FPM: Stepping back a little bit, a lot of people who grow up in family businesses don’t want to have anything to do with it. You’ve pretty much been at Saputo your entire life. Why didn’t you look for something else?
Saputo: I started working in our plants when I was 13 years old. I remember my first jobs were just packing cheeses, then they had me sweep the floors and then clean the vats, and then I graduated to making cheeses. This happened through a lot of part-time jobs in the summer, on weekends, from when I was 13 all the way until about 19 or 20 years old. I never had the pretension to be CEO, but I always had the desire to be part of this organization because, No. 1, I love the industry, and No. 2, I love the people who are in this organization. I love the culture, I love the values, that this was an extension of my own personality. The way that I was brought up at home was the way that our company was run, so I knew that the fit was perfect for me. That’s the reason why I wanted to be in this business.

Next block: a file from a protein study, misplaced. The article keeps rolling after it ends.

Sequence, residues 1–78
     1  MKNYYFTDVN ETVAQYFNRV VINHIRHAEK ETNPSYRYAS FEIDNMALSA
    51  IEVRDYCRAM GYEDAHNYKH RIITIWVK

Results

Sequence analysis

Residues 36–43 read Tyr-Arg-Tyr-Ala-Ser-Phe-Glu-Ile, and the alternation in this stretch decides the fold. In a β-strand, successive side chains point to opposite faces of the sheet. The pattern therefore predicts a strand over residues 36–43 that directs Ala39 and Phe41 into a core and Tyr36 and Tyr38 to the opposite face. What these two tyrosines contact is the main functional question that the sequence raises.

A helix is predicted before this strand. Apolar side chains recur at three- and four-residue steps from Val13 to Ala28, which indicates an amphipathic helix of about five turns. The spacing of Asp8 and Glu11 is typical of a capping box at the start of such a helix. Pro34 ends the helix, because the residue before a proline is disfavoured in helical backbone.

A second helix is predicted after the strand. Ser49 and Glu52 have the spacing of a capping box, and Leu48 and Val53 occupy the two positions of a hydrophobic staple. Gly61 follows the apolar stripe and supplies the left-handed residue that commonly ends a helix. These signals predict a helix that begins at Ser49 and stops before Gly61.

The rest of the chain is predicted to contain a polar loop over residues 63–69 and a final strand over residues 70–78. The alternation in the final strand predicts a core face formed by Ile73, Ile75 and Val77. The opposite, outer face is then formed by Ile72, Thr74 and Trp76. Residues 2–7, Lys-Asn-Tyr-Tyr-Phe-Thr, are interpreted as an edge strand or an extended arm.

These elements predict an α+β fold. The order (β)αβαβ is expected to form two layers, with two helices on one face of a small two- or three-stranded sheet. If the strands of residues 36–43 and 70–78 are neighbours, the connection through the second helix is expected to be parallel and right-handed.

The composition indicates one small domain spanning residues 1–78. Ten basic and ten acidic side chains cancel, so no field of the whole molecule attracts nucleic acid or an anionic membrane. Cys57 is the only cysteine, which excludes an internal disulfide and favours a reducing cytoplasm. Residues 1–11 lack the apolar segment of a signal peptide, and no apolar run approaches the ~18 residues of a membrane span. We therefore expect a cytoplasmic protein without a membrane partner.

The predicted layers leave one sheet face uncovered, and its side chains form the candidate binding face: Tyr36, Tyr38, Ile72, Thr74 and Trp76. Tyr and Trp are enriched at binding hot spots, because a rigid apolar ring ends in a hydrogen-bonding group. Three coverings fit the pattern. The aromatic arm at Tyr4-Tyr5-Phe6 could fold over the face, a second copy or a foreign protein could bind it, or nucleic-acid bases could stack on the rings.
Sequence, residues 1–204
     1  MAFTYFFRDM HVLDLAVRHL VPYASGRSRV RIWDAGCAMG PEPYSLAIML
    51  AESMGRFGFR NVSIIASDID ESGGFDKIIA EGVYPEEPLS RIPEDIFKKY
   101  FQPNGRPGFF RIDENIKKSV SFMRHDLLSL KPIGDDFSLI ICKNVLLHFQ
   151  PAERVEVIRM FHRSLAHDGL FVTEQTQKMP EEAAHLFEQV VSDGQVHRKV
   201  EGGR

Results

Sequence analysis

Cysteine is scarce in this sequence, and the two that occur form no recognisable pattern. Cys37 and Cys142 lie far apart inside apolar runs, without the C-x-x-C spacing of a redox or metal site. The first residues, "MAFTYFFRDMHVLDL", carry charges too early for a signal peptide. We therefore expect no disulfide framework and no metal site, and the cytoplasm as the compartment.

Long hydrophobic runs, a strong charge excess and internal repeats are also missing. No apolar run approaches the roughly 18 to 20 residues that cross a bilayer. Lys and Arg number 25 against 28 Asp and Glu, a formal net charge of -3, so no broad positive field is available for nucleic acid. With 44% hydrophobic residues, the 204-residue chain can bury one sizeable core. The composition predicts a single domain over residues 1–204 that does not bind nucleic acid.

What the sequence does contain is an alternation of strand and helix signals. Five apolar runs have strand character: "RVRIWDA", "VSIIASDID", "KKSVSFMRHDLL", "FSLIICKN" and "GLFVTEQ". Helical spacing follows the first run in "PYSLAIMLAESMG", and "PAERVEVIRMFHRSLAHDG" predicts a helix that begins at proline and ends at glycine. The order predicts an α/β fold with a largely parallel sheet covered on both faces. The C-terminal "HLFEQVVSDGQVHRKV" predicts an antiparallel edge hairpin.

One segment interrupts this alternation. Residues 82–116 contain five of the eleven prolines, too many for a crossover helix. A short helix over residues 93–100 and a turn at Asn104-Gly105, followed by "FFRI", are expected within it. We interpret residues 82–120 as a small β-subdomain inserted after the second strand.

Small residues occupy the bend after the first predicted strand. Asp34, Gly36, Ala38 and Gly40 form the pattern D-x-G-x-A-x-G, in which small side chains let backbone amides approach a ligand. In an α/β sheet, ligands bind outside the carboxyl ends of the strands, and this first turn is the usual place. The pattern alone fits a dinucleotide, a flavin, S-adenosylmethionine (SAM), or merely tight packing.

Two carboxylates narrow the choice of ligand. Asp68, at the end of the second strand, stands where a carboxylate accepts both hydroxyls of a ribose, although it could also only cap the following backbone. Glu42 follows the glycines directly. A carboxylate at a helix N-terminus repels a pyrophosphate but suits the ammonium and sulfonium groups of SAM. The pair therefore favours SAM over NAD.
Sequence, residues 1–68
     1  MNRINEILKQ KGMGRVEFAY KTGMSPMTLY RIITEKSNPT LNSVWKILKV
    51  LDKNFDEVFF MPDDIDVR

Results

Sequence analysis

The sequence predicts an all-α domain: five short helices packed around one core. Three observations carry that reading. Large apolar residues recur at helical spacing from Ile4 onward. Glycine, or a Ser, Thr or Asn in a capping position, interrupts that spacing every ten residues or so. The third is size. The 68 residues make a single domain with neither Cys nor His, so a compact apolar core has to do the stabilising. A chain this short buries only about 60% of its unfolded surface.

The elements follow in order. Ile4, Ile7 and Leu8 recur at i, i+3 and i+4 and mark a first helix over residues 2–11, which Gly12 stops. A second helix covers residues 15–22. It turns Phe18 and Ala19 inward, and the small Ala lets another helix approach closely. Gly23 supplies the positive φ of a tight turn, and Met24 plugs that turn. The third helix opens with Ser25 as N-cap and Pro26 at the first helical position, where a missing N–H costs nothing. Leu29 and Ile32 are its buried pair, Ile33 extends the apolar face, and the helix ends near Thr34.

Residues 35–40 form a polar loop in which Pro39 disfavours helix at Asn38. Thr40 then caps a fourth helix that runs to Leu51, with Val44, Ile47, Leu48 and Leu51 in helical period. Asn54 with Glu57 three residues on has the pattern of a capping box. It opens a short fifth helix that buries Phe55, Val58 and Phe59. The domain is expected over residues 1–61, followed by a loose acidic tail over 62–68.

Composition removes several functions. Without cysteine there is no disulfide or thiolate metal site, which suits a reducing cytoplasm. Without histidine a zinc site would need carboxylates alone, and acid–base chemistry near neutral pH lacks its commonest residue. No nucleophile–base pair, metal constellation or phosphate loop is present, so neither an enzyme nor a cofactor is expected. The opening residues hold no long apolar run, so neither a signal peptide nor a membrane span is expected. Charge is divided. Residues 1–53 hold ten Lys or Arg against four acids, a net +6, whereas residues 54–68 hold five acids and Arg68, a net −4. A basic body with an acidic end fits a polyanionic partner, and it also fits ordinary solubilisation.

FPM: How has the business changed?
Saputo: In the early days, I have to say that things were a little complicated, because we were a family-owned business. My father and our family were the major owners of the business with over 60% of the shares, but we also had other owners that were my aunts and uncles and cousins and so things were complicated up until 1997. Up until 1997, our board of directors was made up of exclusively family members and, as you might appreciate with a family business, not all decisions are based on common sense and logic. There’s a lot of emotion. In 1997, the IPO really was to provide us the governing structure that made sure that this company would go beyond generation one and generation two, and go into generation three and beyond. It was at that point in time that everybody became accountable — everyone. But we are very fortunate that the family spirit that drove every single one of our decisions in 1954 still does exist.